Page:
One obvious advantage of the Crush is its ability to fight wind. The Crush displays a consistent flight path across most wind conditions as it effeciently cuts through the air. This disc performs great with a headwind and will not lift and turn as much as other drivers in its class. The Crush can ride a cross wind for miles and hold the same line. However, I do not recommend throwing the Crush with a tail wind in most cases because it will drop out of the air like a brick. Although, if you need to throw a high hook that drops quickly, throwing the Crush in a tailwind can be useful.
The Crush is often considered a great forehand driver because of how much torque it can hande. The Crush can certainly handle torque and when I snap it forehand it flips up nicely and I can easily hit 275-300 feet (85-90 meters). The caution with using the Crush forehand is that if you do not put enough snap on it, it cuts hard to the side instead of flipping up. This is worse in a cross wind when the flight plate is exposed. I also do not recommend the Crush as an overhand disc because it turns over early in the flight causing it to move to the side high in the air.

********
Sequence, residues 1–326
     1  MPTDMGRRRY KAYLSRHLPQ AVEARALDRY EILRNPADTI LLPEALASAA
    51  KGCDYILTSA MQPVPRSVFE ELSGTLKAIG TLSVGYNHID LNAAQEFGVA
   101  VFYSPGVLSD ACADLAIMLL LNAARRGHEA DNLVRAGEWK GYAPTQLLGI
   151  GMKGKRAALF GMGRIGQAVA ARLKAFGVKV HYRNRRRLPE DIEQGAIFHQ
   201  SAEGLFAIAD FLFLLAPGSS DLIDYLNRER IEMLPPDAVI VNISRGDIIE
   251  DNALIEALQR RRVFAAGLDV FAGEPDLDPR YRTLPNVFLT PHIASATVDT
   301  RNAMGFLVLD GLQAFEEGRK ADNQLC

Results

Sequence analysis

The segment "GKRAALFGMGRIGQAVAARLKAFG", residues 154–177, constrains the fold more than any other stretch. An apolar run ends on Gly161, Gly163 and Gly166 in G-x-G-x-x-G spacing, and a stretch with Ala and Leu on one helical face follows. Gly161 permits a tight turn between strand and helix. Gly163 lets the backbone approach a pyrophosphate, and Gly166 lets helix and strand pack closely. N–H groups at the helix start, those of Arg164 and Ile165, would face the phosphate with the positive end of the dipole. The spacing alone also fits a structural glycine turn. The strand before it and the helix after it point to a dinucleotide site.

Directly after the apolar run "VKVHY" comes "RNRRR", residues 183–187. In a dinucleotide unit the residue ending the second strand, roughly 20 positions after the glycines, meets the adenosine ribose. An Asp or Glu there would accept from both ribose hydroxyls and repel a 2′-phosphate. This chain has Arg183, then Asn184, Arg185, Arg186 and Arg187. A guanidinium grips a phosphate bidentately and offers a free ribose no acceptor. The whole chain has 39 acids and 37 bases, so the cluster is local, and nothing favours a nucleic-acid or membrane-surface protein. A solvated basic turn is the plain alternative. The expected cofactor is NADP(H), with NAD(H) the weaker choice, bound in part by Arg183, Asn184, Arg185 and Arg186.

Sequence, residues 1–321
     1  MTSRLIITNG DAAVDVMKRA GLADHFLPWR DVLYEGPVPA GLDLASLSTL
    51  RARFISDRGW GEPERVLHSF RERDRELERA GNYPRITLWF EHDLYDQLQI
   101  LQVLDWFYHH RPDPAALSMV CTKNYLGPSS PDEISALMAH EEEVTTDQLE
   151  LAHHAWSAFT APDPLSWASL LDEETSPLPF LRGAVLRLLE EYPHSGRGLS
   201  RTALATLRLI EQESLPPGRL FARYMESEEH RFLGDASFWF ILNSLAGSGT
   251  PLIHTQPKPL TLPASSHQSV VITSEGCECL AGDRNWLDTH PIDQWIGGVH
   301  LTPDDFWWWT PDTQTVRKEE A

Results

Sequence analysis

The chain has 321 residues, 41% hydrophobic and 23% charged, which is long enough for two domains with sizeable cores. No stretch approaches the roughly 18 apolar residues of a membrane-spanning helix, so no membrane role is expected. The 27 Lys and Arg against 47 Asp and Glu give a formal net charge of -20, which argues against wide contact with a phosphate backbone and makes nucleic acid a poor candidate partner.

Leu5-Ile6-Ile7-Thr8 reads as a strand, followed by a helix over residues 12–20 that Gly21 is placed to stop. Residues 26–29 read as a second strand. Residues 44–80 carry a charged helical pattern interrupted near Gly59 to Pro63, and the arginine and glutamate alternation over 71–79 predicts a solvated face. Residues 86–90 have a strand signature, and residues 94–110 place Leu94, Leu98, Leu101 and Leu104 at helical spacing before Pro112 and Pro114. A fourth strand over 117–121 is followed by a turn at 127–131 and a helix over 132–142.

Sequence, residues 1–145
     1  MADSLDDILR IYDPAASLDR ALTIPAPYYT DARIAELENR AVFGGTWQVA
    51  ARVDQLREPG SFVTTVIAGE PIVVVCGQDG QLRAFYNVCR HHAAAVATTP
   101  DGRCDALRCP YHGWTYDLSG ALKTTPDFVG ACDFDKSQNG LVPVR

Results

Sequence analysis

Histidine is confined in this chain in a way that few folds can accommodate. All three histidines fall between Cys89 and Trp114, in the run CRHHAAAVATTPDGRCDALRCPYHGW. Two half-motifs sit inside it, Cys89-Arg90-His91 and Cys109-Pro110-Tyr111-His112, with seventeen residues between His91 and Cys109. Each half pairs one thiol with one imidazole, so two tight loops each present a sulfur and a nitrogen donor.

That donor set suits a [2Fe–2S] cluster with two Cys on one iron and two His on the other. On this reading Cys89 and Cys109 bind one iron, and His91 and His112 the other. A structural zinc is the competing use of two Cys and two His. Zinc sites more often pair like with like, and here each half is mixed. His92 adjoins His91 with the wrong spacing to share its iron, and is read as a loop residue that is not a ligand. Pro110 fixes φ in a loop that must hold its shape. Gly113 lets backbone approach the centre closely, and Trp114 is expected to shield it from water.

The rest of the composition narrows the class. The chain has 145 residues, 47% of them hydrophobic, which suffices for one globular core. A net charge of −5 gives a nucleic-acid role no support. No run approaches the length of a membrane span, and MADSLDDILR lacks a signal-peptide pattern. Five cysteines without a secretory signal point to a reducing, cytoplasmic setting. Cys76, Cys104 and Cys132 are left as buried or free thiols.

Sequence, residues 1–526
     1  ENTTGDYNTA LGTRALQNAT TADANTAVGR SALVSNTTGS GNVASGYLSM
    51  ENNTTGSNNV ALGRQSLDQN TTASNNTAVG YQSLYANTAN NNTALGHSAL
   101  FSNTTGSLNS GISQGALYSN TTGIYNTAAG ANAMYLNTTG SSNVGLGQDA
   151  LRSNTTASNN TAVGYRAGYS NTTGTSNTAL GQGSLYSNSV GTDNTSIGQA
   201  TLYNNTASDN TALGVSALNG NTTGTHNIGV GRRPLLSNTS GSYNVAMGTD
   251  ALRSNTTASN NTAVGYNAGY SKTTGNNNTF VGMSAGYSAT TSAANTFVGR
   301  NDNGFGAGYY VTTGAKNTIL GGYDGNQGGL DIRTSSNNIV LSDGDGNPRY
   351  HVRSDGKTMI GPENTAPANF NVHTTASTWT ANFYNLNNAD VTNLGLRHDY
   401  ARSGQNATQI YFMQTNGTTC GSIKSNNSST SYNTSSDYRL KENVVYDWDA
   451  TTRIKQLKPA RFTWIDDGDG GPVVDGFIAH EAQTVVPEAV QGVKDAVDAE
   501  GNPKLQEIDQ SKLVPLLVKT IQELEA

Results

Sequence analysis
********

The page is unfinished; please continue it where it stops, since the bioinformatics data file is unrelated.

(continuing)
Different plastics and weights affect the Crush’s flight significantly. The 2020 Ledgestone TI Crush displays much higher glide than other Crush molds and holds the slight turn longer, almost like a Punisher but a little shorter. Lighter weight crushes begin just as overstable, but break in to become workable and more accurate. Heavier Crushes take longer to break in and are less precise but less affected by wind. Here are the other Crush plastics:
Z Crush: Most overstable Crush options
Pro-D Crush: Significantly lower glide, breaks in faster
Elite X Crush: Breaks in faster, turns more
ESP Crush: Higher glide, slightly longer
Titanium Swirl Crush: Significantly higher glide and more turn
Swirl ESP Crush: Mislabled, it’s actually a TI Swirl Crush, see above
Discraft Crush Comparables
Discraft Machete – Machete is lower glide and in production
Discraft Punisher – Punisher is longer with more glide
Discraft Predator – Predator is slower and more workable
Discraft Avenger – Crush is faster and more overstable
Innova Tee-Rex – Crush is higher glide
Innova XCaliber – XCaliber is faster
Axiom Thrill – Thrill is not as overstable
Infinite Discs Slab – Slab is faster with less glide
Discraft Crush Conclusion
I carry four Crushes in my bag and own around 50, so I am obligated to say that you should try one. In reality, it is probably too overstable for new disc golfers. Intermediate disc golfers may find use for the Crush as a dependable overstable driver or utility disc. Advanced disc golfers may have more appreciation for the slight turn the Crush shows while maintaining consistency. Don’t get too attached because Crushes are becoming hard to find (and I’m not sharing mine) so for most disc golfers it may be a great collector item.
The Crush is hard to find these days, but you can check for special runs here.